Paul Naumoff

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Paul Naumoff
No. 58, 50
Position: Linebacker
Personal information
Date of birth: (1945-07-03) July 3, 1945 (age 71)
Place of birth: Columbus, Ohio
Height: 6 ft 1 in (1.85 m)
Weight: 215 lb (98 kg)
Career information
College: Tennessee
NFL Draft: 1967 / Round: 3 / Pick: 60
Career history
Career highlights and awards
  • Consensus first-team All-American (1966)
  • Pro Bowl selection (1970)
Player stats at PFR

Paul Peter Naumoff (born July 3, 1945) is a former American football player. He played college football at the University of Tennessee from 1964 to 1966 and was selected as a consensus first-team All-American at the linebacker position in 1966. He played professional football in the National Football League (NFL) as a linebacker for the Detroit Lions from 1967 to 1978. He was selected to play in the Pro Bowl after the 1970 season and was named the Lions' defensive most valuable player in 1975. He once played in 142 consecutive games for the Lions and missed only two games in 12 years with the club.

Early years[edit]

Naumoff was born in Columbus, Ohio, in 1945, and attended Eastmoor Academy there.[1] He was the son of Macedonian immigrants.[2]

College football[edit]

Naumoff enrolled at the University of Tennessee and played college football for the Tennessee Volunteers football team under coach Doug Dickey from 1964 to 1966. He began as an offensive player in 1964, but was moved to defense in 1965. As a defensive end, he helped lead the 1965 Tennessee team to an 8–1–2 record, a #7 ranking in the final AP Poll, and a victory over Tulsa in the 1965 Bluebonnet Bowl.[3]

In 1966, Naumoff moved to linebacker after one of the team's starting linebackers, Tom Fisher, died in an automobile accident.[4] He helped lead the 1966 Tennessee team to an 8-3 record. He was give the game ball after the 1966 Gator Bowl. Naumoff made a "jolting tackle" of Larry Csonka late in the game to preserve Tennessee's 18-12 victory over Syracuse.[5]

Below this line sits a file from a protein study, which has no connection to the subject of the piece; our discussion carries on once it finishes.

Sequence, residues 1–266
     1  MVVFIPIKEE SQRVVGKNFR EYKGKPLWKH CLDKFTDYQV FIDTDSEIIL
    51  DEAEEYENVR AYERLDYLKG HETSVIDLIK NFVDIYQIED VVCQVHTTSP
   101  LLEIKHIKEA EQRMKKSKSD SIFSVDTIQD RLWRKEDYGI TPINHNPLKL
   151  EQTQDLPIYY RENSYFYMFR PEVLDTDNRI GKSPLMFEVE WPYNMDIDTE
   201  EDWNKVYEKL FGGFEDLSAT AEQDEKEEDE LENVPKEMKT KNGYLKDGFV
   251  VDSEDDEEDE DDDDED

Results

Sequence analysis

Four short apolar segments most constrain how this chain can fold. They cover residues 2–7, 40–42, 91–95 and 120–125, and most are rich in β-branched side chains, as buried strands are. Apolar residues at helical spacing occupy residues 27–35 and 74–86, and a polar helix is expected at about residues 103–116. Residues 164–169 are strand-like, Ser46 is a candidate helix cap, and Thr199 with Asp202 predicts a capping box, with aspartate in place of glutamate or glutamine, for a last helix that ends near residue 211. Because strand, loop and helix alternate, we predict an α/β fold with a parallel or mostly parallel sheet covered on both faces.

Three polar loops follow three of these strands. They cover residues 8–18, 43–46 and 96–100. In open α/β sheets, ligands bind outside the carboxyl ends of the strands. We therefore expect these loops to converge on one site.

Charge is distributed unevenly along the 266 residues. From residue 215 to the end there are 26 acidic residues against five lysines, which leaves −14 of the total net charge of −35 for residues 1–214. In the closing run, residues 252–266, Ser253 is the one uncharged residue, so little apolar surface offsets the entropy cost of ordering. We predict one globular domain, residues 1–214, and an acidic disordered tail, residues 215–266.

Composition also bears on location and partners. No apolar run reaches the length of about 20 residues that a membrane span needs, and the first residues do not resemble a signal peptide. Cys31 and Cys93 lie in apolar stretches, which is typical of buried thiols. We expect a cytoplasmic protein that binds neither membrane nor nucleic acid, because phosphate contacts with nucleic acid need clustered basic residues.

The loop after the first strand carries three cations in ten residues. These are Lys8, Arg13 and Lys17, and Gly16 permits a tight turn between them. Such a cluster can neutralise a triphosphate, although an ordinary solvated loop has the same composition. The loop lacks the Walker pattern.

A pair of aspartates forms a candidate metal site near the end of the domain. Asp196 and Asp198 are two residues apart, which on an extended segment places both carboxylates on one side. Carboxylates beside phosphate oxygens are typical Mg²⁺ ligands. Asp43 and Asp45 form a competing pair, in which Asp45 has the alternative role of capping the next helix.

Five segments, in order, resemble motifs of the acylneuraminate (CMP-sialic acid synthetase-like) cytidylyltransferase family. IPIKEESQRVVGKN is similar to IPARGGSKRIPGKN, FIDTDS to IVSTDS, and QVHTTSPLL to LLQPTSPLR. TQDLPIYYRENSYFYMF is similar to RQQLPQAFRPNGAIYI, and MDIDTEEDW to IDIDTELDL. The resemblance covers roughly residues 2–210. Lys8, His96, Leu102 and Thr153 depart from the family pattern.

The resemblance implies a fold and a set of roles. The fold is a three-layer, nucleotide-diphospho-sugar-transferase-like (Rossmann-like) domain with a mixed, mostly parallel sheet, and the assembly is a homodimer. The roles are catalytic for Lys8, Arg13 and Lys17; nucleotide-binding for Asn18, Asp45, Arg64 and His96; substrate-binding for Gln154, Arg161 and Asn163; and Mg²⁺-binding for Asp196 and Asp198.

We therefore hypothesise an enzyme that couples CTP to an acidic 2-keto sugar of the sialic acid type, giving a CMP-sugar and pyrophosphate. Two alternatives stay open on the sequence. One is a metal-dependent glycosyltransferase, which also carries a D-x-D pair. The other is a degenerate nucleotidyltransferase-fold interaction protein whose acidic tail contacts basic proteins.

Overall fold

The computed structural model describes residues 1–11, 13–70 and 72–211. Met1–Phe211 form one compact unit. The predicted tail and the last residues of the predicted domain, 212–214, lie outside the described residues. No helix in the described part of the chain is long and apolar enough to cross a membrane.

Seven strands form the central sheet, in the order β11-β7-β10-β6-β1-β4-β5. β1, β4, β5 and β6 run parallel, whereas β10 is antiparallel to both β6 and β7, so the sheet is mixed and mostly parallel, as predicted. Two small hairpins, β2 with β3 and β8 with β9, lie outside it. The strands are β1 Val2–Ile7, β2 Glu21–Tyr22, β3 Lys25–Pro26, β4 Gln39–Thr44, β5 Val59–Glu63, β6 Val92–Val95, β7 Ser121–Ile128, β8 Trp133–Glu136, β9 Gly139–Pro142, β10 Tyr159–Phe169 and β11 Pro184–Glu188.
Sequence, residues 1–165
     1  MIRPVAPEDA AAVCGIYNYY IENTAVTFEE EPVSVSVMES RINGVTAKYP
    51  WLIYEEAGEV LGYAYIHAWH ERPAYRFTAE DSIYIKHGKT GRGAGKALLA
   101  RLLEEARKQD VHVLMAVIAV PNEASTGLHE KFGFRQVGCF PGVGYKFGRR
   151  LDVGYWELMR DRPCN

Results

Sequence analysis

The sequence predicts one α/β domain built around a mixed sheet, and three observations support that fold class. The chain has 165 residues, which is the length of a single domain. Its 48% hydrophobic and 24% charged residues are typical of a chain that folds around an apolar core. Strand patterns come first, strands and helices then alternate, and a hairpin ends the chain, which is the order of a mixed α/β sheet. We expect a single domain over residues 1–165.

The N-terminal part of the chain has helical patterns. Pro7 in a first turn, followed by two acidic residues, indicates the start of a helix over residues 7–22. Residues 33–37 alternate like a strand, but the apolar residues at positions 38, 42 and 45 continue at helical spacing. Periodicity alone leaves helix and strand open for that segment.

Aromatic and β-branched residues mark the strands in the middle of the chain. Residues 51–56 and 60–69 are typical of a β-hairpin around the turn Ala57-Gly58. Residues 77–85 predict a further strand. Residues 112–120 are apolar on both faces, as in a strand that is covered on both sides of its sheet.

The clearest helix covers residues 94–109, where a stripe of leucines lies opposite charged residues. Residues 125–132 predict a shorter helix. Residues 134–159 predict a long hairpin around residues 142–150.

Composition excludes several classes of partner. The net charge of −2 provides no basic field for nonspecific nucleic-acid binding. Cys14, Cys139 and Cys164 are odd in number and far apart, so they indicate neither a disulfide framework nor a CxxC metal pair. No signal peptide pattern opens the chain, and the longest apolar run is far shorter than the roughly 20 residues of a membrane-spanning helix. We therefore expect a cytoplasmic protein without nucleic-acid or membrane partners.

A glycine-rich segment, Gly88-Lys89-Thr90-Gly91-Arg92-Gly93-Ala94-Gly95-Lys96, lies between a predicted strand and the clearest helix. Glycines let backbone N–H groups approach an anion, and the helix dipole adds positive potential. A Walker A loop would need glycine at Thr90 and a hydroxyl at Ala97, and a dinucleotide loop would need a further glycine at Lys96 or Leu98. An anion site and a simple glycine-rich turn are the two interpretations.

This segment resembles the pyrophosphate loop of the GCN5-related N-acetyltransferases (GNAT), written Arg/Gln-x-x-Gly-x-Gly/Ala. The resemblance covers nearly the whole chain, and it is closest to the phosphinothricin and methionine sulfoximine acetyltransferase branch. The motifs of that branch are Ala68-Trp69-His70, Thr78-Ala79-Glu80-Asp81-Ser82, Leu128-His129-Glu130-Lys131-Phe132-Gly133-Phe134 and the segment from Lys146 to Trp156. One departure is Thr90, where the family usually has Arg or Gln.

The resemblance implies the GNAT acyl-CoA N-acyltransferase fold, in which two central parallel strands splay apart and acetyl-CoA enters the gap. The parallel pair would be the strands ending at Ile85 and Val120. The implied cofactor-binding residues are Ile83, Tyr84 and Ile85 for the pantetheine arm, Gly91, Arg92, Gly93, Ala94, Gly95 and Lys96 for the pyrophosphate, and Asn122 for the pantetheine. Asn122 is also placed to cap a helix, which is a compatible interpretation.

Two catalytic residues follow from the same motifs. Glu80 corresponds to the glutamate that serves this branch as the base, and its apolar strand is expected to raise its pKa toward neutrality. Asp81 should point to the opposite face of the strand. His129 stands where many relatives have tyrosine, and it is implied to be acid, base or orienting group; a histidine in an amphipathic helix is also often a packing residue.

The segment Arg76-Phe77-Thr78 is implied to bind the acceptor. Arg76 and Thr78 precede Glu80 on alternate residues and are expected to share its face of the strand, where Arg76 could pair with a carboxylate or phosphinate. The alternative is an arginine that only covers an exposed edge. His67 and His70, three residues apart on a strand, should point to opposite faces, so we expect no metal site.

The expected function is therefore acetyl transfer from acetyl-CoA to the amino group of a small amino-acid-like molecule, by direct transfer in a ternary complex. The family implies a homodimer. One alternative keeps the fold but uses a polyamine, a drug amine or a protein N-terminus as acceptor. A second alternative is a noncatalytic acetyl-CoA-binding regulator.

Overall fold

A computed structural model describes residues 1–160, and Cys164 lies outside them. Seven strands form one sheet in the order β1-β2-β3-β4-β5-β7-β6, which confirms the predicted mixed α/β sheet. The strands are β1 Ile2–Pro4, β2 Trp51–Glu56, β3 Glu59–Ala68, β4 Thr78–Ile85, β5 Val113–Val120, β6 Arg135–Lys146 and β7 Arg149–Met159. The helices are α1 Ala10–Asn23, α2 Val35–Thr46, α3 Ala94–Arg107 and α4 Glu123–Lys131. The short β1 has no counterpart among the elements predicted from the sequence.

At the end of the 1966 season, Naumoff was selected as a consensus first-team linebacker on the 1966 College Football All-America Team.[6] He also played in the 1967 Chicago College All-Star Game and the 1967 Senior Bowl.[3] Naumoff received a bachelor's degree of education in 1967.[3]

Professional football[edit]

Naumoff was selected by the Detroit Lions in the third round, 60th overall pick, of the 1967 NFL Draft. He played 12 years for the Lions from 1967 to 1978.[1] He was selected to play in the Pro Bowl after the 1970 season.[1] In 1975, Naumoff had six interceptions and was voted by his teammates as the Lions' defensive most valuable player.[7] Naumoff once played in 142 consecutive games for the Lions and missed only two games in 12 years with the club. In July 1979, at age 33, Naumoff announced his retirement as a player, citing a foot injury that had required two surgeries and posed the risk of permanent damage.[8] At the time of his retirement, Naumoff had appeared in 168 games for the Lions, more than any other players in franchise history other than Wayne Walker and Dick LeBeau.[8][9]

Later years[edit]

After retiring from the NFL, Naumoff opened a beer distributorship in Tennessee.[10]

References[edit]

  1. ^ a b c "Paul Naumoff". Pro-Football-Reference.com. Sports Reference LLC. Retrieved February 19, 2015. 
  2. ^ Steve Williams (October 12, 2015). "Admiring grandson says it's cool to have a NFL great in family". The Knoxville Focus. 
  3. ^ a b c "Hall of Fame Candidate Capsule: Paul Naumoff". National Football Foundation. Retrieved February 19, 2016. 
  4. ^ "Paul Naumoff". University of Tennessee. Retrieved February 19, 2016. 
  5. ^ "Vols Give Game Ball To Linebacker Naumoff". St. Louis Post-Dispatch. January 1, 1967. p. 2G. 
  6. ^ "2014 NCAA Football Records: Consensus All-America Selections" (PDF). National Collegiate Athletic Association (NCAA). 2014. p. 7. Retrieved February 19, 2016. 
  7. ^ Jack Saylor (December 23, 1975). "3 Lions Are Standouts in Up-and-Down '75 Season". Detroit Free Press. p. 2C. 
  8. ^ a b Curt Sylvester (July 19, 1979). "Lions' Naumoff retires". Detroit Free Press. pp. 1D, 9D. 
  9. ^ "Player Season Finder Query Results". Pro-Football-Reference.com. Sports Reference LLC. Retrieved February 20, 2016. 
  10. ^ Jack Saylor (December 31, 1979). "Beer seller Naumoff: Lions brewed own troubles". Detroit Free Press. p. 2C.